Rebranding can be a daunting task. 

It’s not easy to change the way people see your company, or to get them to forget about your old brand and start associating you with your new one. But it’s not impossible. 

In fact, if you do it correctly, rebranding can be a very successful strategy for growing your business. There are five stages of rebranding that you need to go through in order to make the transition successfully.

In this blog post, we will discuss each stage in detail and give you some tips on how to make the process as smooth as possible.

Step One: Assess Your Brand Vision, Mission and Values

If you already have a brand vision, mission and set of values in place, now is the time to reconsider them. 

If you don’t have these yet, now is the time to sit down as a team, figure them out and define them. 

Simply, your vision, mission and values are the cornerstones of your brand, and you can establish these by answering 3 key questions:

  • What are we doing? This is your vision. It doesn’t just focus on where you want to be, but where you want your audience to be and is the focal point for every decision you make
  • How are we doing it? This is your mission. Your company road map if you will, and if this changes, your message needs to change too
  • Why are we doing it? This creates your values. Why you have that vision and why you’re committed to your mission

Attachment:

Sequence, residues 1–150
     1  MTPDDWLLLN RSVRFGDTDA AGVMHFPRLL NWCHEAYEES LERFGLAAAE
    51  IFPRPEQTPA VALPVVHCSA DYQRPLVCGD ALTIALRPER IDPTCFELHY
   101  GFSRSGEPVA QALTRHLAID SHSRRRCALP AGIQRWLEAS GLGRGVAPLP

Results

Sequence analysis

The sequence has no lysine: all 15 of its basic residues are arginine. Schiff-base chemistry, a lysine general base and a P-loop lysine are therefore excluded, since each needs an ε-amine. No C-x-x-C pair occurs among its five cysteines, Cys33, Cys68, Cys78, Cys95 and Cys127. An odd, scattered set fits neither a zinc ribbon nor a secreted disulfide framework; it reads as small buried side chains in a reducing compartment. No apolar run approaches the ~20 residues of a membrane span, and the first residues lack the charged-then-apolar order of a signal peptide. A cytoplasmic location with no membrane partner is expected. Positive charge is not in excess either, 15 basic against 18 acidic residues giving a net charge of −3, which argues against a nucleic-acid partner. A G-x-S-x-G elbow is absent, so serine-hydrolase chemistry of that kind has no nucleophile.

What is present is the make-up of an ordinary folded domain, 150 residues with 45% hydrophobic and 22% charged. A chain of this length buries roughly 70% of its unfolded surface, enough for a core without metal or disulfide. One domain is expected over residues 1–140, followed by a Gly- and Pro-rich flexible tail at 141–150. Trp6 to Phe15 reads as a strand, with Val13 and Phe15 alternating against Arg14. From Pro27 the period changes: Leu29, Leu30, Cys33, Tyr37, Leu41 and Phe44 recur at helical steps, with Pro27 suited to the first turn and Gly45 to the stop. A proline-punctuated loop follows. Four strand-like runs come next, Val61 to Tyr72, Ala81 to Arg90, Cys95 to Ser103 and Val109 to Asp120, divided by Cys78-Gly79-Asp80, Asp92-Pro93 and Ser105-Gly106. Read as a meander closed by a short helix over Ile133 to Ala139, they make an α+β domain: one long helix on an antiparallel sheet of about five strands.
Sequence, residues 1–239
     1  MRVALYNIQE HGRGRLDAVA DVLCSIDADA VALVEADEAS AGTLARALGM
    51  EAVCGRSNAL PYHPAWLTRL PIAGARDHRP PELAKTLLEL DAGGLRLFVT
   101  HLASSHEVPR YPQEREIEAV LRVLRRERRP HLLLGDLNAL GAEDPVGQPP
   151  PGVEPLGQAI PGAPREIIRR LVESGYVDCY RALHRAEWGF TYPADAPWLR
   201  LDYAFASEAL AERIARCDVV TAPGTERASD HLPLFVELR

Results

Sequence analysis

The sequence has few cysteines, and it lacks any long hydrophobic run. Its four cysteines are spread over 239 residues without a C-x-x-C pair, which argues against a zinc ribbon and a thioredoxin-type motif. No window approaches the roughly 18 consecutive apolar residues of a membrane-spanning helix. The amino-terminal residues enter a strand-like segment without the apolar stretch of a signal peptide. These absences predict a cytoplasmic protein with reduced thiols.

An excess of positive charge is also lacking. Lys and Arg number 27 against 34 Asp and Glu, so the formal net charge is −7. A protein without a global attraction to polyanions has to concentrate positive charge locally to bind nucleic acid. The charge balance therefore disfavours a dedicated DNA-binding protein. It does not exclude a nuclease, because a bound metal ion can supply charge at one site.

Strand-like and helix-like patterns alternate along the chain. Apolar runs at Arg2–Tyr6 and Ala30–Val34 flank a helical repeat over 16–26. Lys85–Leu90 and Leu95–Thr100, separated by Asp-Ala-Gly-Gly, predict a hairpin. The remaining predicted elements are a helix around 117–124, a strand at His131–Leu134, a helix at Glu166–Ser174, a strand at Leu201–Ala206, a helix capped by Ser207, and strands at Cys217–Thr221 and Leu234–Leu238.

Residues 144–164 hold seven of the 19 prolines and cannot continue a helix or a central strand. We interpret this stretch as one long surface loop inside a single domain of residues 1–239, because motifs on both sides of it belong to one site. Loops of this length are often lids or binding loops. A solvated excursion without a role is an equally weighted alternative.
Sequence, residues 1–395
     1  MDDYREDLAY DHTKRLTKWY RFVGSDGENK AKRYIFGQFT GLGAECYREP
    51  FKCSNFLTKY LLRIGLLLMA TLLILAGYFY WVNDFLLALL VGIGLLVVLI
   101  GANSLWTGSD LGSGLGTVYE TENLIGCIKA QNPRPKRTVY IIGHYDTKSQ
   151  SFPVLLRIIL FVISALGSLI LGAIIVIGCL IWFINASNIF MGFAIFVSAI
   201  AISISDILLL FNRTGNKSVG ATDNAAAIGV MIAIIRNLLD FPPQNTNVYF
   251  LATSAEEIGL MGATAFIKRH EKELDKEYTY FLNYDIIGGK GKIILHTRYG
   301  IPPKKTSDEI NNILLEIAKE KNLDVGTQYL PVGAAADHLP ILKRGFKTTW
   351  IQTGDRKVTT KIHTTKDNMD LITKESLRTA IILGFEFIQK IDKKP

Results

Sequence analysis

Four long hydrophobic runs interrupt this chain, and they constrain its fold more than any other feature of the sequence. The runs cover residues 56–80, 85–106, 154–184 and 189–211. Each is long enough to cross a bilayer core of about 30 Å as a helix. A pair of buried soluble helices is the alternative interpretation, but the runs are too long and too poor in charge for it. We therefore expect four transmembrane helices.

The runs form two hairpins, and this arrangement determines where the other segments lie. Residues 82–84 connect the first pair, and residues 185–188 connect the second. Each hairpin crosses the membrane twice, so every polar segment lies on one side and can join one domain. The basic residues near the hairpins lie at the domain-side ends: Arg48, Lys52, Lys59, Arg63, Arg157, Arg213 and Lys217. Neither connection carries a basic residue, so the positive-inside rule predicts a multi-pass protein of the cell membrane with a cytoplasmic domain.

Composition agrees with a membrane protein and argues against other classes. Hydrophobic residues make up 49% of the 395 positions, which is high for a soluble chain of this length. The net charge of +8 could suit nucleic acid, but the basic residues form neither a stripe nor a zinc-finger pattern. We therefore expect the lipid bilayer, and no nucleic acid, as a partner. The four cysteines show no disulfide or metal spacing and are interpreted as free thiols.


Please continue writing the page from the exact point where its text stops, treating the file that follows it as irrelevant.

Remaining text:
Because your brand is constantly evolving and changing, any changes to your mission, vision, or values will need to be reflected in your rebrand. 

This might imply updating the appearance of your logo, renaming it, or coming up with a new tagline, for example.

Step Two: Market Research

To achieve a rebrand that is effective, you must first understand what you’re doing connects with your consumers and fits in with the market as a whole. 

To reestablish your target market, focus on:

  • Age
  • Gender
  • Location
  • Job Role
  • Economic Status
  • Interests and Hobbies
  • Education Level

To find these out, take a look at your web and social analytics in your CRM system, which you can gather by asking customers to fill in surveys, for example. 

Here, what you’re trying to work out is if your target demographic has changed. Perhaps your audience isn’t who you thought it was, or maybe there’s potential customers in a demographic you’ve not considered before. 

Then, take a look at what the market is doing – are there any new trends in branding

Bear in mind though that not every trend will stand the test of time, so keep longevity in mind – you don’t want to launch a rebrand to fit a trend, only for the hype to pass after a few months. 

Lastly, look closely at your competitors too. 

Take a look at what’s working for them and if there’s any elements to influence your rebrand. 

Of course, inspiration is fine but always remember your branding design, concept and messaging must be unique, otherwise you’ll never stand out in the crowd.

Step Three: Work Out Your USP

A successful rebrand should bring even more attention to what makes you unique

So ask yourself – what do you do that no one else does? To find this out:

  • Note down all of the unique features and benefits of your product or service 
  • Identify the aspects that cannot be copied or reproduced
  • Define what emotional needs you meet from a customer perspective